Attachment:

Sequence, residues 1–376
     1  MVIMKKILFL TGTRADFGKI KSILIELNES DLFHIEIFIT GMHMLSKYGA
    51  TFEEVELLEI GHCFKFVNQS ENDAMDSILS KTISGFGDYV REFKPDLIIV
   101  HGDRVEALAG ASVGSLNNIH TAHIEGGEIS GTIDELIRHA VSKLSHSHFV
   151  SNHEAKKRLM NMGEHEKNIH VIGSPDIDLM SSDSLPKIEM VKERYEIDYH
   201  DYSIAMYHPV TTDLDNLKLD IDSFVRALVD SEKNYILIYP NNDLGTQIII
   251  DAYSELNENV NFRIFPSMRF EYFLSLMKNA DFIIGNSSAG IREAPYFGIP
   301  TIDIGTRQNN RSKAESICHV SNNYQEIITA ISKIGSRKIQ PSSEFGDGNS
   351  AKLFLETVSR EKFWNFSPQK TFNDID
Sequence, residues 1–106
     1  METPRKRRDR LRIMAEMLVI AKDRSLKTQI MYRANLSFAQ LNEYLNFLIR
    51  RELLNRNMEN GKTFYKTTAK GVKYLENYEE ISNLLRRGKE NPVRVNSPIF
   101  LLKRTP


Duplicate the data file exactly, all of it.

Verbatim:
Sequence, residues 1–376
     1  MVIMKKILFL TGTRADFGKI KSILIELNES DLFHIEIFIT GMHMLSKYGA
    51  TFEEVELLEI GHCFKFVNQS ENDAMDSILS KTISGFGDYV REFKPDLIIV
   101  HGDRVEALAG ASVGSLNNIH TAHIEGGEIS GTIDELIRHA VSKLSHSHFV
   151  SNHEAKKRLM NMGEHEKNIH VIGSPDIDLM SSDSLPKIEM VKERYEIDYH
   201  DYSIAMYHPV TTDLDNLKLD IDSFVRALVD SEKNYILIYP NNDLGTQIII
   251  DAYSELNENV NFRIFPSMRF EYFLSLMKNA DFIIGNSSAG IREAPYFGIP
   301  TIDIGTRQNN RSKAESICHV SNNYQEIITA ISKIGSRKIQ PSSEFGDGNS
   351  AKLFLETVSR EKFWNFSPQK TFNDID
Sequence, residues 1–106
     1  METPRKRRDR LRIMAEMLVI AKDRSLKTQI MYRANLSFAQ LNEYLNFLIR
    51  RELLNRNMEN GKTFYKTTAK GVKYLENYEE ISNLLRRGKE NPVRVNSPIF
   101  LLKRTP